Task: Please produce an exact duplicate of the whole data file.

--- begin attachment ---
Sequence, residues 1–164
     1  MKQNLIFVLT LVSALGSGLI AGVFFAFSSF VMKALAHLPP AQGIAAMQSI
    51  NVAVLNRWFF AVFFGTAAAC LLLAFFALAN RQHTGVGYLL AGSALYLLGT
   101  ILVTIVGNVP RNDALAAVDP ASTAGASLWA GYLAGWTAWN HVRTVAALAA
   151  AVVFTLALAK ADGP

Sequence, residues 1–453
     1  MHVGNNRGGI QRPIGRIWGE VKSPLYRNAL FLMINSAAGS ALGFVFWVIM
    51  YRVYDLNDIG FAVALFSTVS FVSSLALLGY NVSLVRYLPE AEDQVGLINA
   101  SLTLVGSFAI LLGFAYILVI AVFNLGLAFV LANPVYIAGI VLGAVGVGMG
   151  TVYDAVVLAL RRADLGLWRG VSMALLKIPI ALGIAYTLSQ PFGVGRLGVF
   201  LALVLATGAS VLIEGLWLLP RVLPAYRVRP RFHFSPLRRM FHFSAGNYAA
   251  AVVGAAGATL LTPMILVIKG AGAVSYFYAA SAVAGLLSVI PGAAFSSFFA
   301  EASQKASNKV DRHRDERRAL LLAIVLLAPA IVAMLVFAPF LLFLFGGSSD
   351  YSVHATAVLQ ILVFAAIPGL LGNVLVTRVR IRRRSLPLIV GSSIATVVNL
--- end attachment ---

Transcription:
Sequence, residues 1–164
     1  MKQNLIFVLT LVSALGSGLI AGVFFAFSSF VMKALAHLPP AQGIAAMQSI
    51  NVAVLNRWFF AVFFGTAAAC LLLAFFALAN RQHTGVGYLL AGSALYLLGT
   101  ILVTIVGNVP RNDALAAVDP ASTAGASLWA GYLAGWTAWN HVRTVAALAA
   151  AVVFTLALAK ADGP

Sequence, residues 1–453
     1  MHVGNNRGGI QRPIGRIWGE VKSPLYRNAL FLMINSAAGS ALGFVFWVIM
    51  YRVYDLNDIG FAVALFSTVS FVSSLALLGY NVSLVRYLPE AEDQVGLINA
   101  SLTLVGSFAI LLGFAYILVI AVFNLGLAFV LANPVYIAGI VLGAVGVGMG
   151  TVYDAVVLAL RRADLGLWRG VSMALLKIPI ALGIAYTLSQ PFGVGRLGVF
   201  LALVLATGAS VLIEGLWLLP RVLPAYRVRP RFHFSPLRRM FHFSAGNYAA
   251  AVVGAAGATL LTPMILVIKG AGAVSYFYAA SAVAGLLSVI PGAAFSSFFA
   301  EASQKASNKV DRHRDERRAL LLAIVLLAPA IVAMLVFAPF LLFLFGGSSD
   351  YSVHATAVLQ ILVFAAIPGL LGNVLVTRVR IRRRSLPLIV GSSIATVVNL